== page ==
John Townsend
Public Relations Manager, DC
O: (202) 481-6820 (ext. 4462108)
C: (202) 253-2171

WASHINGTON, D. C. (Sunday, July 1, 2018) ––Hot enough for you? Whether it is two separate words or just one word, being stranded on the side of the road during a “heatwave,” or a “heat wave,” can be more than just an inconvenience or a hassle, warns AAA Mid-Atlantic. It can be dangerous and life-threatening, especially for children, seniors, or individuals with respiratory and/or heart ailments. Much of the continental United States is under a “heat dome.”  All told, 120 million people are at risk of exposure to the injurious elements.  It is hot and sunny outside, and Washingtonians are reeling from all that heat and humidity and experiencing, but barely coping with oppressive heat index values as high as 104 degrees Fahrenheit.

Scorching summer temperatures, surging heat and humidity, and muggy days and nights in a row will easily put serious stress on the human body and on car engines.  With the heat index soaring to triple digits over the Pre-Fourth of July weekend, Washington area residents should be mindful of the dangers of heatstroke and the inherent risks of leaving children in hot cars. As outside temperatures rise, the risks of children dying from being left alone inside a hot vehicle also rises.

During this dangerous heat wave, and the unusually hot and humid conditions, AAA is urging drivers, parents and caregivers to “look before you lock.”

Meteorologically, a heat wave is described “as three or more days in a row with high temperatures at or above 90° Fahrenheit.” However, a “heat dome,” a weather phenomenon that traps hot air underneath its high pressure system, is a thing unto itself. It acts like “an atmospheric lid, preventing hot air from escaping.” In addition to exacting a toll on the human body, the sweltering heat wave will trigger rampant vehicle breakdowns and automotive failures. It is unfolding as 39.7 million Americans, as well as 1,009,700 people living in and around Washington, are gearing up to hit the road for the Fourth of July.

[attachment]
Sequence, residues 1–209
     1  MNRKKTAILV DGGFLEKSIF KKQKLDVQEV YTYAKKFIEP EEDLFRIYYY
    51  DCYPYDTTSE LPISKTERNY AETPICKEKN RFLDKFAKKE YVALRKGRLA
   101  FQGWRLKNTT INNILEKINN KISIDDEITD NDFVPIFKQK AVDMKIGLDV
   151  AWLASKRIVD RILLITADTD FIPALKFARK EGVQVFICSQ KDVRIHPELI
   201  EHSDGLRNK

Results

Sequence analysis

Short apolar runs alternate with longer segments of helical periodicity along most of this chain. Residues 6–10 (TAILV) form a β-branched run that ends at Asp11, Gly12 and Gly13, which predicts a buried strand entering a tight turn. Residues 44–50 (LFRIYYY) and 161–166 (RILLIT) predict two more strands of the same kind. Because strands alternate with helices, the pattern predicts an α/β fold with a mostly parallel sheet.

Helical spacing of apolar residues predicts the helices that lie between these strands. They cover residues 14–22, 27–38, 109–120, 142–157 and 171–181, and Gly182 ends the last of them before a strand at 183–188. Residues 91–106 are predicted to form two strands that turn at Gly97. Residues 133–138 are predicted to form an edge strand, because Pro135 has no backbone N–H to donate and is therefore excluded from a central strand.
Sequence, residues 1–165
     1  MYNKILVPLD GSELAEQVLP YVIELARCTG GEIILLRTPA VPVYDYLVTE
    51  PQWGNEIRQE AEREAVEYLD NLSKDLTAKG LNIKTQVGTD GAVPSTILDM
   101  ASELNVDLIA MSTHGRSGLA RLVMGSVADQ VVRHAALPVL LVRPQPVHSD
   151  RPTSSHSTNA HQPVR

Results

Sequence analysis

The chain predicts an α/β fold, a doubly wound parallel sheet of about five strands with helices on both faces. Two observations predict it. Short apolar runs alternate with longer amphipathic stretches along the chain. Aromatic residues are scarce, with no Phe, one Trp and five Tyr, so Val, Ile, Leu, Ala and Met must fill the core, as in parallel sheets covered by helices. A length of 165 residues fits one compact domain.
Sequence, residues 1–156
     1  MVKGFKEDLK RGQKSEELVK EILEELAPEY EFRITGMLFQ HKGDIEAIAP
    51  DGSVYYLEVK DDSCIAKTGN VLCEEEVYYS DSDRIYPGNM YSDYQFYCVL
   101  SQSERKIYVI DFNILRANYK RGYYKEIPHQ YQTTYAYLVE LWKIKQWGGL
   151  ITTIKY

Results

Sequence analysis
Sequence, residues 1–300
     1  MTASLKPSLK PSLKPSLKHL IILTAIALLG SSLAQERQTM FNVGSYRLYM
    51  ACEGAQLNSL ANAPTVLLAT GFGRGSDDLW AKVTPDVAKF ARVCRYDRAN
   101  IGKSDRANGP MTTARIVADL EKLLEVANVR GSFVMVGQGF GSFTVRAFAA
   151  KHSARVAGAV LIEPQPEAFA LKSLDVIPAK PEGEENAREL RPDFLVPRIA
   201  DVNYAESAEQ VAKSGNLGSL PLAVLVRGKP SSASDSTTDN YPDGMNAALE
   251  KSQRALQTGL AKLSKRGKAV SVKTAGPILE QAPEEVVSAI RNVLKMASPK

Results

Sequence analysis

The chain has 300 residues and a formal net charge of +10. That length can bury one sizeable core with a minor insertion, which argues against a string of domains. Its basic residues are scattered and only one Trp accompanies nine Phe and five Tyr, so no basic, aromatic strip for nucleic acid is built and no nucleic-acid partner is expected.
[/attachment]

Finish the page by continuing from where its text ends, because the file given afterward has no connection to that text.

As a result of the “heat dome” enveloping the mid-Atlantic and Eastern Seaboard, the Emergency Roadside Assistance switchboard at AAA Mid-Atlantic is expecting a sharp rise in SOS call volume, beginning this weekend and throughout next week. As temperatures near 100 degrees, car batteries will be tested by the extreme heat. As well, there will likely be an increase in tire troubles in the intense weather. 

Under the Fourth of July “Heat Dome,” and during the extended Fourth of July holiday travel period, AAA Mid-Atlantic expects to rescue more than 33,000 motorists across the region who are stranded on the roadside or in other godforsaken places, with the primary reasons being towing, dead batteries, lockouts and flat tires. AAA came to the rescue of 1,160 motorists in Washington, D.C., 8,910 in Maryland and 6,320 in Virginia during the 2017 holiday travel period, with roadside rescues peaking the day following the Fourth.

“Becoming stranded on the roadway during extreme weather conditions is the last thing anyone wants. The health risks from being stranded alongside the road during a wretched heatwave can affect fit and healthy people, and not just those in high-risk groups,” said Bruce Jenkins, Manager, AAA Mid-Atlantic Roadside Assistance. “Never leave children and adults over 65 alone in enclosed vehicles. They are vulnerable to heat-related illnesses. Heatwaves can break down car batteries internally and can accelerate the rate of corrosion on battery terminals, leading to insufficient electrical power and the risk of being stranded without warning.”

“The high humidity will make temperatures feel even hotter, and warm overnight temperatures will provide little relief,” explains the National Oceanic and Atmospheric Administration (NOAA).  As the region swelters and reels from a scorching heat wave, expert automotive technicians at AAA Mid-Atlantic Car Care Centers across the metro region are cautioning area motorists to keep their eyes on both the warning light and the temperature gauge. In some cases, ignoring a warning light or the temperature gauge can quickly result in lamentable damage to your car’s engine. “Great Googa Mooga!”